I started sharing food during the George Floyd protests in the summer of 2020. A small group of Miami leftists started distributing meals as Food Not Bombs, a vegan and vegetable food-sharing collective begun in 1980. Originally an initiative to protest nuclear power and discrimination against the houseless population, Food Not Bombs now has chapters all across the globe.
My friends and I ran through protests with wagons full of water and snacks, making sure our comrades were hydrated and safe in the 90-degree heat. We spent full days cooking together and nights distributing meals to the encampments of homeless folks sheltering under highway overpasses.
I became someone that people knew to bring food to. Boxes of cucumbers showed up at my door. Friends of friends called to say that they had extra, and could I please share it with someone in need. I would be called to pick up trash bags full of prepared meals to redistribute them. Eventually, I found Miami Community Fridges.
When I started this job nearly six months ago, I was freshly unemployed after quitting my desk job. I doubted my decision ― in a pandemic where so many are laid off and unemployed, was I doing the right thing by leaving my tiresome (but reliable) job? I had lined up several temporary gigs and was going to be delivering food to fridges weekly, but had no plan for the long-term. I was taking a big leap. I wanted it to work.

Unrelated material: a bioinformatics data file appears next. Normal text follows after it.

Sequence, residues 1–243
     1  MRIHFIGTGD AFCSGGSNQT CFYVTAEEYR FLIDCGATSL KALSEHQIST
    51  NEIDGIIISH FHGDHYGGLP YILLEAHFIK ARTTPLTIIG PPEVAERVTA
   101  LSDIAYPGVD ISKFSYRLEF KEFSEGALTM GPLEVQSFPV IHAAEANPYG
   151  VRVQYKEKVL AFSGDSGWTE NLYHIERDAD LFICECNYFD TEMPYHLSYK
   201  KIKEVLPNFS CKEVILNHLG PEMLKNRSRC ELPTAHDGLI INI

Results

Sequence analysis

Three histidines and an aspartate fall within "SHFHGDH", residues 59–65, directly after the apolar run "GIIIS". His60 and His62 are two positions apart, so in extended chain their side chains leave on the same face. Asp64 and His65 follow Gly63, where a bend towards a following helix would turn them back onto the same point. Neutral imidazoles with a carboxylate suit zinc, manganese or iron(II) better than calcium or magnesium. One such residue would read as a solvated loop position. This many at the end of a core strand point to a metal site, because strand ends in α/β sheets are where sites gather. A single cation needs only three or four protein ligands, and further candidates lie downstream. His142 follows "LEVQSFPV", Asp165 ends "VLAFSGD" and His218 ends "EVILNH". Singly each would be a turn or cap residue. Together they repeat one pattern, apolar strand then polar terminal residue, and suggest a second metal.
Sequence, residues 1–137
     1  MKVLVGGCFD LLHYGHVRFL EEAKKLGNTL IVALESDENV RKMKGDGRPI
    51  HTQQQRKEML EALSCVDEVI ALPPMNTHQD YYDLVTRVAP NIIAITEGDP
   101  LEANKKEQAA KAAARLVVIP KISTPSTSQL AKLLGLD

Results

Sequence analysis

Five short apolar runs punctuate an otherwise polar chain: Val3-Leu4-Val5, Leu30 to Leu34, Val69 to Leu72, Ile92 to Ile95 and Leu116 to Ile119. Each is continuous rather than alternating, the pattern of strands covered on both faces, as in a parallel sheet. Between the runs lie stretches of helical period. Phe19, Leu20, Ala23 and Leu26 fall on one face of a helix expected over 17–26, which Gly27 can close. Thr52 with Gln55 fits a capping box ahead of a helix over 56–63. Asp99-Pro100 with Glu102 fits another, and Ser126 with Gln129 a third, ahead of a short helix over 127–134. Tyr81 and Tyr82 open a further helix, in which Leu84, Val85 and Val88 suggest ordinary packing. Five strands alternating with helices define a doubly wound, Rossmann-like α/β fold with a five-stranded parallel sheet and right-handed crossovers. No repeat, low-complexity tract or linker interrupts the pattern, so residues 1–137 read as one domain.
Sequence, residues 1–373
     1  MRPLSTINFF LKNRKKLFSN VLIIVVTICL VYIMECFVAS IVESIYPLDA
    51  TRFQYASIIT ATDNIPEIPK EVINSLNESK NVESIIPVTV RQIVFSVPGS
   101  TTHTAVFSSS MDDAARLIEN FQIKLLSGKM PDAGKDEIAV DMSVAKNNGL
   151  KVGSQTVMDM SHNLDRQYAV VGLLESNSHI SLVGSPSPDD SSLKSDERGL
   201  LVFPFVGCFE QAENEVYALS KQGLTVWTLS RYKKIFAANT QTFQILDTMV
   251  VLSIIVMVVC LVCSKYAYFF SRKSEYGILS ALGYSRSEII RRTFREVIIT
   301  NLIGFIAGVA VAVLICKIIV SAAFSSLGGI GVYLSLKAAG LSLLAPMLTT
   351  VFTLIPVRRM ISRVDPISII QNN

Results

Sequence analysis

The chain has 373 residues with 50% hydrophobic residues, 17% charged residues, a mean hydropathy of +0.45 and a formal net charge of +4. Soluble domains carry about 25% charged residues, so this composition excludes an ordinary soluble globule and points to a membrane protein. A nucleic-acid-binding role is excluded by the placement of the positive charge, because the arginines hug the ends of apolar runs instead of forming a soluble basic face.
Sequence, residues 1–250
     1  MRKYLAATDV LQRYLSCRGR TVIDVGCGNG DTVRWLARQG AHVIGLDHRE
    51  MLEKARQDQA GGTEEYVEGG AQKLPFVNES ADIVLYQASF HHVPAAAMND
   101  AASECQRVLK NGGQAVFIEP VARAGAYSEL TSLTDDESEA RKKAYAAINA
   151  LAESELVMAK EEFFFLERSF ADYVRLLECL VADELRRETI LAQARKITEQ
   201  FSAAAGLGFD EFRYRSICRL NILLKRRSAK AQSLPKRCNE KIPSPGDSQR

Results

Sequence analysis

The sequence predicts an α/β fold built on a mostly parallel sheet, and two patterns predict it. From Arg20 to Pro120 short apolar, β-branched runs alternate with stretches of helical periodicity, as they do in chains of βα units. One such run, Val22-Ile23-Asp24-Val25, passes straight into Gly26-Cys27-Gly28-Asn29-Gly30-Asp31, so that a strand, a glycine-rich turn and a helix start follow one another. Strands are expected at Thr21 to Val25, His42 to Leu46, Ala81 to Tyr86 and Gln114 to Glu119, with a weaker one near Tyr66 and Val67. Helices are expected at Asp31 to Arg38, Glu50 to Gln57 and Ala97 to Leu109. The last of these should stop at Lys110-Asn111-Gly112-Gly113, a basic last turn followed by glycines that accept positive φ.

While at these fridges, I met the folks that frequented them. I learned what neighborhoods preferred prepared meals because they had no kitchens to cook on their own. I learned which vegetables were preferred where. When I pulled up in my truck, I knew there would be folks waiting.
Working with the community fridges can get complicated. The fridges get filthy in five minutes, food gets left out to rot, the Florida heat damages the fridges in more ways than I can count.
Part of the job is combating issue after issue while making sure that the communities that have come to rely on these fridges are still supported in a tangible way. The gasket that lines the fridge doors melted, so the doors no longer shut? No problem. Trash can after trash can gets stolen? Totally fine, that just means someone else needs them, too.